I first heard TEST in June 1996 at the Learning Alliance, 324 Lafayette Street, 7th floor. The occasion was the very first Vision Festival. The mid-90s was a signal moment for avant-garde jazz & TEST was creating a buzz among the capsule of younger freaks gravitating to the scene. If the David Ware Quartet was the flagship group, TEST was literally the underground favorite —as part of the Music Under New York Program, TEST was out on the streets & subway platforms year-round, playing long-form unadulterated free jazz with an energy & creativity level rarely encountered. Even on a scene known for strong personalities these guys were obviously renegade cats. I mean, who else would do that? Sabir Mateen (1951) spent the '70s in LA playing in Horace Tapscott's Pan-Afrikan Peoples Arkestra. Tom Bruno (1937-2012) & Daniel Carter (1945) had been gutting it out downtown for ages. All three were U.S. military veterans. If you were looking for old-school visionary New York City counterculture musicians, with everything that implies, there were no better examples. TEST went through a couple of bass players (Poki Hudgins & Dan O'Brien) before Matt Heyner (1972) joined. As a member of NNCK Heyner was a next gen nut-rocker, in TEST he was a gently steady force. Once, as TEST was playing a street gig, a fellow musician passing in a cab described the band as 'Japanese soldiers in a cave who don't know the war has ended.' The street & the subways were TEST's higher reality, the dues behind its uni-mind chemistry & incredible stamina.
For worldly guys, TEST seldom seemed to leave the island of Manhattan. But later that summer David Nuss drove the band up to the Amherst Unitarian Meetinghouse where it delivered a set that flat-out stupefied the twenty or so attendees & had the effect of a free jazz revival meeting on yours truly. Believing widespread conversions would follow if new audiences heard TEST's music, i brought TEST back to Amherst as often as possible & in 1998 booked the band a short, scrappy tour through the Mid-Atlantic & Southeast. eremite released some of the tour recordings as LIVE/TEST, one of four TEST albums (one each for Aum Fidelity, Ecstatic Peace & Now Jazz Ramwong) that are all way out of circulation now.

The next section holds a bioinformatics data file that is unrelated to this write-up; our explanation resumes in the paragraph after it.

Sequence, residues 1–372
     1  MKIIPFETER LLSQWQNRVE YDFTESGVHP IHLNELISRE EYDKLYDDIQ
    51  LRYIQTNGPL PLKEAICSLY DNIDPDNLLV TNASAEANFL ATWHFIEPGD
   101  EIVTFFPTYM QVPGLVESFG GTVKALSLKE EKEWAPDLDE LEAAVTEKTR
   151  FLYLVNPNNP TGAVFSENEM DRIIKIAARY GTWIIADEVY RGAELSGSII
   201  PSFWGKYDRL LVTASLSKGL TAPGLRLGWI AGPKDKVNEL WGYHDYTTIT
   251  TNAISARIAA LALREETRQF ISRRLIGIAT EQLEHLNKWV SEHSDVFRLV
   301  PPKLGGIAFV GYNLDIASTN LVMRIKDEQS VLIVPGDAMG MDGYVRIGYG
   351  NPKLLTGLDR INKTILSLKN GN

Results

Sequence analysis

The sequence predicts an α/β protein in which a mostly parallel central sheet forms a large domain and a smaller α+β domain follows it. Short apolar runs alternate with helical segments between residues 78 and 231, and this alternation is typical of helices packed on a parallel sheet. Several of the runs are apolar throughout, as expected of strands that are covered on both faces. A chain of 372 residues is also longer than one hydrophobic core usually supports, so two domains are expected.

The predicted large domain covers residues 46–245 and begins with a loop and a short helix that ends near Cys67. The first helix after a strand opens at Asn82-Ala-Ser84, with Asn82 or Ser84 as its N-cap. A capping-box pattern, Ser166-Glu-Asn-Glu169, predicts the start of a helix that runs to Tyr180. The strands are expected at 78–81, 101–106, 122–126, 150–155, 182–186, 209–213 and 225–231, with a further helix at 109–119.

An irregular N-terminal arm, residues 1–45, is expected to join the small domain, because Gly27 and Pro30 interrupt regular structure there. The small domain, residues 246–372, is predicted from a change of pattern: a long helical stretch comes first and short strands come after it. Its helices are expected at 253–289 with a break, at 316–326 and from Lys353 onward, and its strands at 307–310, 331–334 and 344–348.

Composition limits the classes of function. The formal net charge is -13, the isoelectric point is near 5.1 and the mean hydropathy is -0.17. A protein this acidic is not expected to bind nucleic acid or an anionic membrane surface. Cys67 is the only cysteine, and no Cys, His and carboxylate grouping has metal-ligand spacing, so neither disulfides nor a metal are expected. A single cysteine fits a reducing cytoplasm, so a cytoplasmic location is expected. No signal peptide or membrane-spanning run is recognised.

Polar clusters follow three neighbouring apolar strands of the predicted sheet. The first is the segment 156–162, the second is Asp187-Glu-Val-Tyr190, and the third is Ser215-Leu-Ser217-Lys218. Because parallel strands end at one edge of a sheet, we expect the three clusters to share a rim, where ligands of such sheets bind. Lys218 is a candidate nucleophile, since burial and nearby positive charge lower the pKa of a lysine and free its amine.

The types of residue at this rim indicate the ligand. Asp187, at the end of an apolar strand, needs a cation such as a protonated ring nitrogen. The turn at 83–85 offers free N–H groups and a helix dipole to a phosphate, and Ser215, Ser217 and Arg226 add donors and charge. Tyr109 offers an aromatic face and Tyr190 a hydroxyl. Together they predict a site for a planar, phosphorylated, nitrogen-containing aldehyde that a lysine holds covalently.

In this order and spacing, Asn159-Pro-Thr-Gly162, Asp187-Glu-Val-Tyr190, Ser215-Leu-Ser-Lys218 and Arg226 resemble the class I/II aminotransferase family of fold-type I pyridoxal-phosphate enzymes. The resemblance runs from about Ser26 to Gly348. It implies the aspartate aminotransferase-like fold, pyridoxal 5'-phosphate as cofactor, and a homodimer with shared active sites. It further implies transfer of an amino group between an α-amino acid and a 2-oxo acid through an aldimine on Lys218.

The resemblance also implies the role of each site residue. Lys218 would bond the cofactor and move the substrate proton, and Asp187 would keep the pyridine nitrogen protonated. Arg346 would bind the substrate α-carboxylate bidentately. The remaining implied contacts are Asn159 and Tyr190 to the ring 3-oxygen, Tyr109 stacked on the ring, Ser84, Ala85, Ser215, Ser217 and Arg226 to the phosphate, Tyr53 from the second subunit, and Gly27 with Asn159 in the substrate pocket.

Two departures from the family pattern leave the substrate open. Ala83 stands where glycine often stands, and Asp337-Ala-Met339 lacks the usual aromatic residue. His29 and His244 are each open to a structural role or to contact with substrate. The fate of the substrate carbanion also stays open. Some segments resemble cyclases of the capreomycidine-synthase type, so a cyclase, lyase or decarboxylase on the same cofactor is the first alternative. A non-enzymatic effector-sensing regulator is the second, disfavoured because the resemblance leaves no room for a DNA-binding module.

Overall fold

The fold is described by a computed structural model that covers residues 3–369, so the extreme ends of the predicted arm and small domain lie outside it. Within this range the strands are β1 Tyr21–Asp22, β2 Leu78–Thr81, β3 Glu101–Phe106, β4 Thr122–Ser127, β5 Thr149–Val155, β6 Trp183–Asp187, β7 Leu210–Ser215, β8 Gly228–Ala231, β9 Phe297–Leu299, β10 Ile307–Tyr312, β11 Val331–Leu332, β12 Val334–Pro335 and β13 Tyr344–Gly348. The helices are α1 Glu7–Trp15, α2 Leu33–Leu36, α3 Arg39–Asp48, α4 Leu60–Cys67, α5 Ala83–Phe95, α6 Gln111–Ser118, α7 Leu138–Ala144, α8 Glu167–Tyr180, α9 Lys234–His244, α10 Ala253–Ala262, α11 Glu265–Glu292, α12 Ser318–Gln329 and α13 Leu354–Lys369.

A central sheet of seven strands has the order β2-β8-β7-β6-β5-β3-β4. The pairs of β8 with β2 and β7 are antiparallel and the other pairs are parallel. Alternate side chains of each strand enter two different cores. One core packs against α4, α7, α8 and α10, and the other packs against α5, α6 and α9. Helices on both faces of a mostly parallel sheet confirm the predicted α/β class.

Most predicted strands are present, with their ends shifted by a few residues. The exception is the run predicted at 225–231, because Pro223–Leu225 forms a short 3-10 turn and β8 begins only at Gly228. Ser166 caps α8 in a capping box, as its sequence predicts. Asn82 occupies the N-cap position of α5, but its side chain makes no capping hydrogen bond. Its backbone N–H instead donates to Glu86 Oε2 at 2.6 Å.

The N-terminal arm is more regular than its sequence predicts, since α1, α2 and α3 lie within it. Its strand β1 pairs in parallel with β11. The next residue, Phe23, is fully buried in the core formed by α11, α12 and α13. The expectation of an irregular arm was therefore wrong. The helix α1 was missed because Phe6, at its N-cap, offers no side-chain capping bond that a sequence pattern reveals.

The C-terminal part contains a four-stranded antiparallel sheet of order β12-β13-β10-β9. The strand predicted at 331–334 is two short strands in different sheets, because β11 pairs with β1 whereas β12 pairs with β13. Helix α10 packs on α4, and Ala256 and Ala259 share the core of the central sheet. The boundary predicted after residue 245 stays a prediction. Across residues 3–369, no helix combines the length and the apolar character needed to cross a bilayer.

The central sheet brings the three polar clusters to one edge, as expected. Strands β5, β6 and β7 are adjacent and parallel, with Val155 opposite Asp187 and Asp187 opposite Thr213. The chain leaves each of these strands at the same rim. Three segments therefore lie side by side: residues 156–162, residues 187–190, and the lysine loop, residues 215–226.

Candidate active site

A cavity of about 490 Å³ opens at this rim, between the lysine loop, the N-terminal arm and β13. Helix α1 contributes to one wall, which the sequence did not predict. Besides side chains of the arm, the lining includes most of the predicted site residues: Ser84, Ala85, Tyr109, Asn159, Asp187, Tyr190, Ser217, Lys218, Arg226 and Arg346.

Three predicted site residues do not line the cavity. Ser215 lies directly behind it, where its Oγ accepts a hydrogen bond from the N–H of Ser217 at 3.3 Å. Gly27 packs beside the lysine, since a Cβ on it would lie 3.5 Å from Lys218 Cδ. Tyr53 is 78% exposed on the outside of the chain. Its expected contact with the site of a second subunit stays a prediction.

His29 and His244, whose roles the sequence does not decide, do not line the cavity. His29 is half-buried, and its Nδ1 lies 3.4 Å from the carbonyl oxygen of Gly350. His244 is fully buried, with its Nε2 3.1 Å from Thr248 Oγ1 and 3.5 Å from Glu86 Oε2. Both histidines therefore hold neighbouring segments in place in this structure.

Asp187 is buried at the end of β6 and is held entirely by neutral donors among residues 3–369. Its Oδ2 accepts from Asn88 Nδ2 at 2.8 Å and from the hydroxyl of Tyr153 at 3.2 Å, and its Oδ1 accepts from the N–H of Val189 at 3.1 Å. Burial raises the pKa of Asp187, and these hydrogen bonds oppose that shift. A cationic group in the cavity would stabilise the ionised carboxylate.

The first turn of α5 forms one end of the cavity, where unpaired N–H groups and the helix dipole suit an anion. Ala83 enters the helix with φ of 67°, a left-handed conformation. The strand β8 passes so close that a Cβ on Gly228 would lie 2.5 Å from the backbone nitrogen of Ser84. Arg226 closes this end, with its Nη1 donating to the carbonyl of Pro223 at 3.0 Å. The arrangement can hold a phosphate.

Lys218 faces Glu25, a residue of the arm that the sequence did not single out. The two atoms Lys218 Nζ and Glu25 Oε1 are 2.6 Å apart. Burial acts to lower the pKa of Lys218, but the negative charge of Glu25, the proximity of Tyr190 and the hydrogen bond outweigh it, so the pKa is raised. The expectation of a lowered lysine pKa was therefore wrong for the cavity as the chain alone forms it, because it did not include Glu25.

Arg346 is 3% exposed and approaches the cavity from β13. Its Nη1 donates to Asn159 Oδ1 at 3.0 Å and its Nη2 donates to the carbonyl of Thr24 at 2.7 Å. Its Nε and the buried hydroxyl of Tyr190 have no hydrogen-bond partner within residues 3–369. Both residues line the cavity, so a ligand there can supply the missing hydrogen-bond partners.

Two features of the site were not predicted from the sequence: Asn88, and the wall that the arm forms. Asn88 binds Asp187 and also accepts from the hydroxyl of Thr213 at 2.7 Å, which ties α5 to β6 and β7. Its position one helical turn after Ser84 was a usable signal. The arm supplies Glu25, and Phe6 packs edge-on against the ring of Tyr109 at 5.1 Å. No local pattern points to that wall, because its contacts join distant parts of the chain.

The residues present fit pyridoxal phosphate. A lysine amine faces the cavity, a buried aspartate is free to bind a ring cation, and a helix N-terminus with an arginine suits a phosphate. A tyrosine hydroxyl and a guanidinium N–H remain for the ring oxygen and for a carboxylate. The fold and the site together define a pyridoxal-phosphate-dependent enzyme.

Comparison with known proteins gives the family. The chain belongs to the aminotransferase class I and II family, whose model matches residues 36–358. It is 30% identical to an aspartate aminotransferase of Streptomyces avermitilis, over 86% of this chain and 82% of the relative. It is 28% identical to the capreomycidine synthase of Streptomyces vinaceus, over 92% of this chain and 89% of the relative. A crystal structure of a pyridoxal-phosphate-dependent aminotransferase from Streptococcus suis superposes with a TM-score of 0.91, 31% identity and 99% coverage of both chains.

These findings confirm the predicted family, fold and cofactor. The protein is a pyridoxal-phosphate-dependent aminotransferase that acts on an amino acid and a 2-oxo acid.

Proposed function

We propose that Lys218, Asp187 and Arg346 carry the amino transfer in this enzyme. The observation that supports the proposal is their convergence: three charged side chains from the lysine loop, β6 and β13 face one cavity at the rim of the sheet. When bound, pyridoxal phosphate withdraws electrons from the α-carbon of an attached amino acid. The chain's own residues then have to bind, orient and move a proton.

More ambitious was the tour of '99. We schlepped around The Rust Belt & Upper Midwest in November, putting four thousand miles on a 16 passenger van, crossing the US/Canadian border excessively, piling on the distances, the jackets & the gas station food. Amherst, Rochester, Deerborn, Chicago, Minneapolis, Toronto, Buffalo, Pittsburgh, DC. Seldom is the road a smooth ticket. I was a total novice at tour management, TEST's particular collectivist decision-making style made routine business ringy, & the free jazz economy doesn't exactly get you all the way home.
The highlight of the whole crazed enterprise was TEST's 13 November concert at Fred Anderson's Velvet Lounge, 2128 1/2 Indiana, Chicago Near South Side. I vividly recall what a great occasion it was just to arrive there! We all knew we were at an authentic Jazz Shrine that night, not many of those left by 1999 (in 2006, the original Velvet was demolished to make a parking lot). I heard TEST often & the band was nearly always, as we used to say, ecstatic, but the Velvet Lounge vibe along with Fred Anderson's dignified presence & a large rowdy crowd summoned absolutely fearsome & magical endurance tests from the band. We have the late Malachi Ritscher to thank for the fine recording.
This was always meant to be the next TEST record, & now finally it is. TEST continued to play NYC streets & subways into the mid-2000s, with occasional gigs around the city & out of town. The band's final performance was at the 2012 Whitney Biennial, of all places. Always Coming From the Love Side was one of Tom Bruno's many indelible expressions. eremite dedicates this record to the memories of Tom Bruno, Fred Anderson & his Velvet Lounge, Malachi Ritscher & to the legacy of TEST.
Taped at Fred Anderson’s Velvet Lounge in November 1999, this is a life-affirming set from one of the decade’s greatest free jazz bands. A collective group featuring Daniel Carter & Sabir Mateen on reeds, the late Tom Bruno on drums, & Matt Heyner of The No-Neck Blues Band on bass, TEST weave reed harmolodics & Ayler-esque folk fragments around ecstatic free drumming. Carter & Mateen’s interplay is sublime, from their initial weaves of trumpet & alto clarinet, through to their climactic saxophone communion. Bruno is an astonishing drummer, tuned to the multidirectional flow of Rashied Ali, while pushing the music forward with surging bop fills on the snare. Heyner anchors the music with a clear sighted sense of harmony & pulse. At times, the music reaches such a joyous pitch the players will break into song, riding Bruno’s waves of liberated rhythm with gospel calls, field hollers & street chatter. One utterly gorgeous passage see Carter leading the group into ballad mode, the tender passion of his saxophone trailed by the curling blue smoke of Mateen’s alto clarinet. --Stewart Smith, The Wire